Running nose: I had to blow my nose constantly during the day, with a severe deterioration in the morning and right after every meal. I realize I should apologize to the amazon forest for the amount of paper tissues I consumed in those months.

Stomachache: tension at the pit of my stomach was almost constant and it ranged from minor tension (the one you feel when you’re going to meet your brand new boyfriend in few seconds) to strong cramps (the ones you feel if your brand new boyfriend is sitting on your abdomen and he happens to be a sumo wrestler).

Stooped posture: without even realizing it, I developed the habit of sitting, standing, and walking with my shoulders constantly curved forward. I believe it was both a way to get some relief from my stomach cramps and a physical consequence of my gradual estrangement from the rest of the world, trying to escape and to hide myself from whatever was going on.

Tachycardia: 100 beats per minute became my standard. When things got worse, I easily reached 120-130 bpm. Basically, my heart had the same rhythm of a cheap workout song.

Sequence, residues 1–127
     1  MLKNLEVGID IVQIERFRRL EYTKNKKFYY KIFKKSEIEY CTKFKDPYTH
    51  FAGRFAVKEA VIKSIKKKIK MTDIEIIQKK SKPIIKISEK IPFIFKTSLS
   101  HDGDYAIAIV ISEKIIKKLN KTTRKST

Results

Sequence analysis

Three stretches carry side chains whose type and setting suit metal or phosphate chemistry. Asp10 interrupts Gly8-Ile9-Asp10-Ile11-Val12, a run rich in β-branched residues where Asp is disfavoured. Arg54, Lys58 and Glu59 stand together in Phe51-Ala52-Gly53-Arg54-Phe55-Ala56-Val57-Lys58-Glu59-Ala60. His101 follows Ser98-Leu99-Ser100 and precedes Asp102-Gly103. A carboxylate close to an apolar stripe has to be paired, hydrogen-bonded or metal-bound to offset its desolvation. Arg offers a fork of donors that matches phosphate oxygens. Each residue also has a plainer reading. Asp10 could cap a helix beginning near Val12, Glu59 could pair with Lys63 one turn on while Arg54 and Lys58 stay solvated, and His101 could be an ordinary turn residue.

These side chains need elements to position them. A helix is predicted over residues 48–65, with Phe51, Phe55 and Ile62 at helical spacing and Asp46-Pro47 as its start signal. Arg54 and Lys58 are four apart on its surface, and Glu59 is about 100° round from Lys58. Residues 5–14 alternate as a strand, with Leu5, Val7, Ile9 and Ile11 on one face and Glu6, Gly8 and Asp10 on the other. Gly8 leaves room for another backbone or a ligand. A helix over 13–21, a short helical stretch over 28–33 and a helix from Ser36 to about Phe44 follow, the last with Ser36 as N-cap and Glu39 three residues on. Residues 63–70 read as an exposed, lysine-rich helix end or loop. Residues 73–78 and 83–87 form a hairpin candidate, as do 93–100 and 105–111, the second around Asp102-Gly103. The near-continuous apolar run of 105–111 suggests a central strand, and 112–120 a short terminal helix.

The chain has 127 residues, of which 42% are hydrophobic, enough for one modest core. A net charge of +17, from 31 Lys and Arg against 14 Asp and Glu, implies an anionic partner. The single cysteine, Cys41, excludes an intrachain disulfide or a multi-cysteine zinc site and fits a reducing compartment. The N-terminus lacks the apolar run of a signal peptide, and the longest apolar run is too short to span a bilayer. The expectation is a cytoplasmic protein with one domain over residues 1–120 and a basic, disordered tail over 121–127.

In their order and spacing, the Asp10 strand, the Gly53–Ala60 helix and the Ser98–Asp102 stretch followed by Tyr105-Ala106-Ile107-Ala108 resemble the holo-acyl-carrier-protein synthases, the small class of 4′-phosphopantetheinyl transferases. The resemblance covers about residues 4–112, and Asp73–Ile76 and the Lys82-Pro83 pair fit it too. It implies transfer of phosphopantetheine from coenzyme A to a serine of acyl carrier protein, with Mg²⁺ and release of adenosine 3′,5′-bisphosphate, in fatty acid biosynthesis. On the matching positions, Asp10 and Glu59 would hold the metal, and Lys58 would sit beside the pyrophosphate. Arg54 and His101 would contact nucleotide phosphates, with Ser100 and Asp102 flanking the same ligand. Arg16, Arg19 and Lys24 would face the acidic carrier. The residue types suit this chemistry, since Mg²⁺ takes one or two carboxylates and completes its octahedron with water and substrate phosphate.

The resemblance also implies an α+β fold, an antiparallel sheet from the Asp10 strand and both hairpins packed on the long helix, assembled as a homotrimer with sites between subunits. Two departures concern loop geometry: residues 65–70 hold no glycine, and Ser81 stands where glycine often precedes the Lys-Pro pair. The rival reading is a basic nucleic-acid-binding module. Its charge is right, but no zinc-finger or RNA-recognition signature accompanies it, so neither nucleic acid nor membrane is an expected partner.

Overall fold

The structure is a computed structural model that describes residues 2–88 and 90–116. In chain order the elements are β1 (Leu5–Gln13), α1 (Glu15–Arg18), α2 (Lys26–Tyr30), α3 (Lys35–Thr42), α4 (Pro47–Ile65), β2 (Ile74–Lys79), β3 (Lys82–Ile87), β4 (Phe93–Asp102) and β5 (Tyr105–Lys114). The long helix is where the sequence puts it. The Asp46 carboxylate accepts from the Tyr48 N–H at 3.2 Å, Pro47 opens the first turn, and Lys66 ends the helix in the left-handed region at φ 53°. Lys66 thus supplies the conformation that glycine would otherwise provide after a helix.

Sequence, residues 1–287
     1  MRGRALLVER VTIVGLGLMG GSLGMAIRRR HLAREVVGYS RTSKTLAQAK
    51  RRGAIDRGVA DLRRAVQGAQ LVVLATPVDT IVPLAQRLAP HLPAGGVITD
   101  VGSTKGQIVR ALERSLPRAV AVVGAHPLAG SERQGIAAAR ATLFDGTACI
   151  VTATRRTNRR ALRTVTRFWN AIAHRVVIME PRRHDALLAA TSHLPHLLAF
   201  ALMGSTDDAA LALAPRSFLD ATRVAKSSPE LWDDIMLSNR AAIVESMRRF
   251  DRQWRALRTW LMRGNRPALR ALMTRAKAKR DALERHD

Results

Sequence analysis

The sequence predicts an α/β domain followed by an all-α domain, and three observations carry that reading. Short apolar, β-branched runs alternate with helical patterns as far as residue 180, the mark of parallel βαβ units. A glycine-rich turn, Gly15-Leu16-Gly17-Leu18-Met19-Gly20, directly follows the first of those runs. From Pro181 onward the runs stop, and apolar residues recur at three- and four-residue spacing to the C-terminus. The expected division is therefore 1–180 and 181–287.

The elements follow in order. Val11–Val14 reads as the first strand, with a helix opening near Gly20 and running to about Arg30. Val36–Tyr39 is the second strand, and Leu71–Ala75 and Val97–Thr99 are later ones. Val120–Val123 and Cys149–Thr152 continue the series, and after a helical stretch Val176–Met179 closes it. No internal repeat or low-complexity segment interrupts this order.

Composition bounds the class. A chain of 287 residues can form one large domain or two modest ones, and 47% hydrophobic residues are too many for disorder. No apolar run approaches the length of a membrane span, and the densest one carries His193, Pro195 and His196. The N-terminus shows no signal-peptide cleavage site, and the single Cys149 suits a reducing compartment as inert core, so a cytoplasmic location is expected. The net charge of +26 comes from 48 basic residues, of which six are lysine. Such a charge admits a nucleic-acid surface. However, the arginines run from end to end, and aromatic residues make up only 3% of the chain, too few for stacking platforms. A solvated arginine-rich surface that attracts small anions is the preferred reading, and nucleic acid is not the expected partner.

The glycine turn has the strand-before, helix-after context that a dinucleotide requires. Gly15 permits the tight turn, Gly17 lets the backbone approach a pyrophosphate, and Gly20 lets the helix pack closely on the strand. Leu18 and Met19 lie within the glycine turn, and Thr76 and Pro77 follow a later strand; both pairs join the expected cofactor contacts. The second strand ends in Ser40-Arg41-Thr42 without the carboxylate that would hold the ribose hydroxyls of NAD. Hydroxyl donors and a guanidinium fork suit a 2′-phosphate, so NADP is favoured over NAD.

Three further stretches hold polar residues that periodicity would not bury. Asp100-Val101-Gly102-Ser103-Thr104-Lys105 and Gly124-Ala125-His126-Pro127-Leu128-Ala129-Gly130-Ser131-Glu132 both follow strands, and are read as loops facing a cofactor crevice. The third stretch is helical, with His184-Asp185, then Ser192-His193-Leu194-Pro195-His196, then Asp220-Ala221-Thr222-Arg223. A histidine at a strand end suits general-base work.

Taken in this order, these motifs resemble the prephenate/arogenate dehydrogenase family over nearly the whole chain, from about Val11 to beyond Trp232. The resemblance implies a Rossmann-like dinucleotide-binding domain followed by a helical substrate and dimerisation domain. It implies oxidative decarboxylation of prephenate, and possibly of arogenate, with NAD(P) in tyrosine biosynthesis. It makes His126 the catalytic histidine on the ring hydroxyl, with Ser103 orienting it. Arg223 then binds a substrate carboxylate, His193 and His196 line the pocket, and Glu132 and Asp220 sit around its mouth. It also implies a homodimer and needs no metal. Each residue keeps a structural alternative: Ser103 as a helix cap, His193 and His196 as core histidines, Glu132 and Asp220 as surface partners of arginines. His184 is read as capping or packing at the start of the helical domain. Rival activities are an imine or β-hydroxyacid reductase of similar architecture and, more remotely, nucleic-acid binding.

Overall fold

Tinnitus: this was probably the funniest one. One day, when things seemed to start going a little better, I spent almost 10 hours in a row hearing odd sounds inside my left ear: it was like hearing my own breath and voice from the inside of my body through a funnel. Weird. Very very weird.

Weight loss: as a consequence of strict diet, diarrhea and sleep lack, I lost 5 kilograms in 3 weeks. After reaching my lowest weight ever, I managed to stop losing weight, but – even once I started to eat more easily and to feel better – it still took me 3 months to regain 2 of the 5 kilograms I had lost and 6 months to regain all of them. Silver lining (yes, there always is one): when I started to feel better and therefore to enjoy food again, I had the best time tucking in all of my favourite dishes, giving to the expression “all-you-can-eat” a completely new and enthusiastic meaning.